There will be a system-wide increase of 3.98 percent - the lowest percentage increase in nearly a decade.
And the qualifying ceiling for the UH "Cougar Promise" program - which covers all tuition and fee costs beyond financial aid for incoming in-state freshmen from low-income families - was raised to $40,000 (from $30,000).
"We recognize that these are economically demanding times for everyone, including our students and their families," said Board Chairman Welcome W. Wilson Sr. "So, with our four universities cutting expenses and reallocating funds to high-priority areas, we have been able to keep costs as reasonable as possible without compromising the quality of the excellent education provided at our institutions."
The new rates for FY2010 go into effect for the Fall 2009 semester.
- At the University of Houston, where tuition and fee rates were raised 3.95 percent, an in-state undergraduate student taking 12 credit hours will pay approximately $131 more per semester.
- At UH-Clear Lake, which saw a 3.30 percent rise, a comparable student will pay $80 more.
- At UH-Downtown, rates were increased 4.8 percent, costing $101 more.
- At UH-Victoria, the increase was 3.4 percent, costing $72 more.
The UH System tuition and fee recommendations considered by the regents were developed at each of the four UHS universities based on requests from academic and administrative divisions as well as discussions and public forums involving student, faculty and staff members. Recommendations received final approval by each university's president.
Tuition and fees provide approximately 38 percent of the UH System's annual operating budget. Funding from the state of Texas currently accounts for 34 percent (down from 43 percent in 1999 and 58 percent in 1989).
The new tuition and fee rates are expected to generate nearly $13 million in additional revenue for the UH System. Approximately $6 million in extra financial aid will be offered.
UH officials estimated that the expanded Cougar Promise program could double the number of students who would be eligible. The program calls for UH to cover all tuition and fee costs beyond what a student receives in financial aid (provided the student is eligible for federal aid). Students who qualify can continue their Cougar Promise status for up to four years.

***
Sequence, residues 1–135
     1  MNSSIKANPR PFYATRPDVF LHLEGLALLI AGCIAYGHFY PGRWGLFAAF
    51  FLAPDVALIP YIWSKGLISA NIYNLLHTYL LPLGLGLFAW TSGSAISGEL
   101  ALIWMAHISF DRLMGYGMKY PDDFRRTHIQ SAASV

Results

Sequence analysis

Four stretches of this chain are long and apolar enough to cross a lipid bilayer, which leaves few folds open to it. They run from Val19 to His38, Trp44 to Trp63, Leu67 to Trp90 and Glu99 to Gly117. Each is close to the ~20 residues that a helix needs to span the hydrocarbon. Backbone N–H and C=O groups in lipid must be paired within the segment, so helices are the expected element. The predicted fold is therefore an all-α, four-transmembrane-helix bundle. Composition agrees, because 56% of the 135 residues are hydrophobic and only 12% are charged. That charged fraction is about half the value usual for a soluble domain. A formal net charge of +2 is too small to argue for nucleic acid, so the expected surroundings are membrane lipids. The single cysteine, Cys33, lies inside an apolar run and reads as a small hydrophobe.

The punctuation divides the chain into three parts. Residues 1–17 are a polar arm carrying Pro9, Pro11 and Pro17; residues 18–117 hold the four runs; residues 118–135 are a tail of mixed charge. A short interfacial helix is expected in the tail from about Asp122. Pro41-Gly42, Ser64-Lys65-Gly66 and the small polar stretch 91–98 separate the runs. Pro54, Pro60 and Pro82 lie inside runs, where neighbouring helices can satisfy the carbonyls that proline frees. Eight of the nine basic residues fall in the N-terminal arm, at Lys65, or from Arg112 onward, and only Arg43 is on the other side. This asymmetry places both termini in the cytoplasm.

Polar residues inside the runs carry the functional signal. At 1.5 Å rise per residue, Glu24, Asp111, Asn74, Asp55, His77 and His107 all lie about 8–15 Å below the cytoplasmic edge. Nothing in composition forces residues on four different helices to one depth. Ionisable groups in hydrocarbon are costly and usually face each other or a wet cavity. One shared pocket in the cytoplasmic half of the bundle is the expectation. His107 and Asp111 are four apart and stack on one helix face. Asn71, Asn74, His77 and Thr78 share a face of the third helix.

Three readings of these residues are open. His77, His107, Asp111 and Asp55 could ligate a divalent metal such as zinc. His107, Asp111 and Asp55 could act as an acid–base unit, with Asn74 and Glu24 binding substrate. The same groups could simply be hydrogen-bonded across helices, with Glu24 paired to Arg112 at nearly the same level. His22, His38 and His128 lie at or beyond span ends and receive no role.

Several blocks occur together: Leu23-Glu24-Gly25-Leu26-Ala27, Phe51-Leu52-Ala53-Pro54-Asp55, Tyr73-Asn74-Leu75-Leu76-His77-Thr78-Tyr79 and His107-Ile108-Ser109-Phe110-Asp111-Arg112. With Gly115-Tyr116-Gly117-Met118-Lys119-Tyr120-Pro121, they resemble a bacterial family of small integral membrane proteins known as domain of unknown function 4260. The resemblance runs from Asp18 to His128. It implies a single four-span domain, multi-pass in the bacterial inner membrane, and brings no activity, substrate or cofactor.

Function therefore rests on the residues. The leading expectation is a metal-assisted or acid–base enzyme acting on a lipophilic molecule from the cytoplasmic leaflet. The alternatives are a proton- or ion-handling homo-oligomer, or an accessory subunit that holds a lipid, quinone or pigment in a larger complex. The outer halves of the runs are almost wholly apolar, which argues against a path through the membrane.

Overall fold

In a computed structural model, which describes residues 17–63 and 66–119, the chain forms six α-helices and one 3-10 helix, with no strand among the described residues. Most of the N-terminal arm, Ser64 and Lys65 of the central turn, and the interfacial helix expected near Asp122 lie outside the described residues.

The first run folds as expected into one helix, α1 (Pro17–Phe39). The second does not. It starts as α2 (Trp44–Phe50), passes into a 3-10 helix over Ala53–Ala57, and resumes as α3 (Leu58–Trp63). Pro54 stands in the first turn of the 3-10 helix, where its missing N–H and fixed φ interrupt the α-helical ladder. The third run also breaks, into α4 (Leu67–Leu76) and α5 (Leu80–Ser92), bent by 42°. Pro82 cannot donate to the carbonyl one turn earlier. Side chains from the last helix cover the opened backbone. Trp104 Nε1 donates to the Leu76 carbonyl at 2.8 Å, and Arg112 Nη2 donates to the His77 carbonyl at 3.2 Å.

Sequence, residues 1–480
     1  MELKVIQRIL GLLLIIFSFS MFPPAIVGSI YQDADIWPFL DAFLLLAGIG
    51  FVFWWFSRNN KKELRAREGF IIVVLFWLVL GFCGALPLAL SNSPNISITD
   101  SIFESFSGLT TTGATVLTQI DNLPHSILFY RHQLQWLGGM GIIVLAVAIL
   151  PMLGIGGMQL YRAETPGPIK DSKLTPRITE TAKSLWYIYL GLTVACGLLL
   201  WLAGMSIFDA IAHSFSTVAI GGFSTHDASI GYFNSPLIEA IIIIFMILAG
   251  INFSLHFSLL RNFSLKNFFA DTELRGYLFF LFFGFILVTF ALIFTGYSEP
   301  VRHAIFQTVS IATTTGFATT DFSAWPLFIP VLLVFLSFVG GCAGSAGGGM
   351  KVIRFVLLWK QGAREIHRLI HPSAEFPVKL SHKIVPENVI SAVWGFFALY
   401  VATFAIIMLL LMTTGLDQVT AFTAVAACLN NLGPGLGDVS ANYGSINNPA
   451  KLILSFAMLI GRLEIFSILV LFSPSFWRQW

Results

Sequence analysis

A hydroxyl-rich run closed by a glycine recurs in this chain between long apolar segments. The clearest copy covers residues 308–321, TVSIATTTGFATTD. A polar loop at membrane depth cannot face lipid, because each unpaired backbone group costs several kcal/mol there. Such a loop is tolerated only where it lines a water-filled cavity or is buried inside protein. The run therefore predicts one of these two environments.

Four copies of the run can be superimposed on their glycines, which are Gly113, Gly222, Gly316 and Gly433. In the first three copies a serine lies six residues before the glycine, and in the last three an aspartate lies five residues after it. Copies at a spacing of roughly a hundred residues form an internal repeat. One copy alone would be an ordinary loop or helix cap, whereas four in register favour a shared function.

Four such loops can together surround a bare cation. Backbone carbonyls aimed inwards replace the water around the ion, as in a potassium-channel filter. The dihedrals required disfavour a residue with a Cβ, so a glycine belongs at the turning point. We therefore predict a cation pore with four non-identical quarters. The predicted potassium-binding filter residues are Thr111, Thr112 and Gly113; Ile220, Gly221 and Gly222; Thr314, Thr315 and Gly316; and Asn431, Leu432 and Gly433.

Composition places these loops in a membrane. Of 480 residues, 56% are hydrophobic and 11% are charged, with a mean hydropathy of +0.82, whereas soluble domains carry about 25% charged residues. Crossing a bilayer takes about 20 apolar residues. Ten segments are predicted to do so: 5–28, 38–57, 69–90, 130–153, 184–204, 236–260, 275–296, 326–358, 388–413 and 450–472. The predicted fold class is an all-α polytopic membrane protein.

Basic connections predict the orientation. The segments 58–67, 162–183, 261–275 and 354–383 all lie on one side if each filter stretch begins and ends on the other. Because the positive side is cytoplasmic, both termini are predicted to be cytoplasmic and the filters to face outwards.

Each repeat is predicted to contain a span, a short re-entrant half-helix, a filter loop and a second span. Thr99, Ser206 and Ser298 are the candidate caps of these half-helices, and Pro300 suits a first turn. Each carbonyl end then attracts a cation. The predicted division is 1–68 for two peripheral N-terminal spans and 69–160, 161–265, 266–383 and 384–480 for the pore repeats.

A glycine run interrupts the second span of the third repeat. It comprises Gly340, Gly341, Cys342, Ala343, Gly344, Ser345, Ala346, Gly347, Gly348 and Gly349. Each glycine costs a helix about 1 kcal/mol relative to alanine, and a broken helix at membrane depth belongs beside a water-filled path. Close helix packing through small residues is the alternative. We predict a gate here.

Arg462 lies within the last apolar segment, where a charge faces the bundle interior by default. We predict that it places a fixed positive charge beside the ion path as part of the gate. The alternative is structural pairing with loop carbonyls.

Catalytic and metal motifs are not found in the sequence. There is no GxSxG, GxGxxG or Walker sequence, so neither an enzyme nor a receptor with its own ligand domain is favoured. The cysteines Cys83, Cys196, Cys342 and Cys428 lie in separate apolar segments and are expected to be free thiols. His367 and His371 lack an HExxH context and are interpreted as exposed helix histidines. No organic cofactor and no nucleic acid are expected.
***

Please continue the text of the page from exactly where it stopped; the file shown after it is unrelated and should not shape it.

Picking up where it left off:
The Cougar Promise policy joins other cost-cutting measures at UH such as "The Jump," which allows incoming freshmen to take core classes during the summer at a reduced cost; the "Graduation Pledge," which offers up to $3,000 in grants for eligible students making steady progress toward earning their degrees; Saturday classes and some night classes offered at a discount; and reduced rates on selected classes for education majors.
For additional information about these and other financial incentives at UH, please see
The UH System rate increase follows similar actions by three other Texas state universities (based on a 12-hour semester). The University of Texas-Austin recently approved a 4.95 percent rise, increasing an undergraduate student's costs by $202. Texas A&M-College Station approved a 4.14 percent increase (a $166 addition). The University of North Texas-Denton approved a 7 percent increase ($226).
For more information about the UH System Board of Regents see:
ABOUT THE UNIVERSITY OF HOUSTON SYSTEM
The University of Houston System is the state's only metropolitan higher education system, encompassing four universities and two multi-institution teaching centers. The universities are the University of Houston, a nationally recognized doctoral degree-granting, comprehensive research university; the University of Houston-Downtown, a four-year undergraduate university beginning limited expansion into graduate programs; and the University of Houston-Clear Lake and the University of Houston-Victoria, both upper division and master's-level institutions. The centers are the UH System at Sugar Land in Fort Bend and the UH System at Cinco Ranch. In addition, the UH System includes KUHF-FM, Houston's National Public Radio and classical radio station, and KUHT-TV, the nation's first educational television station.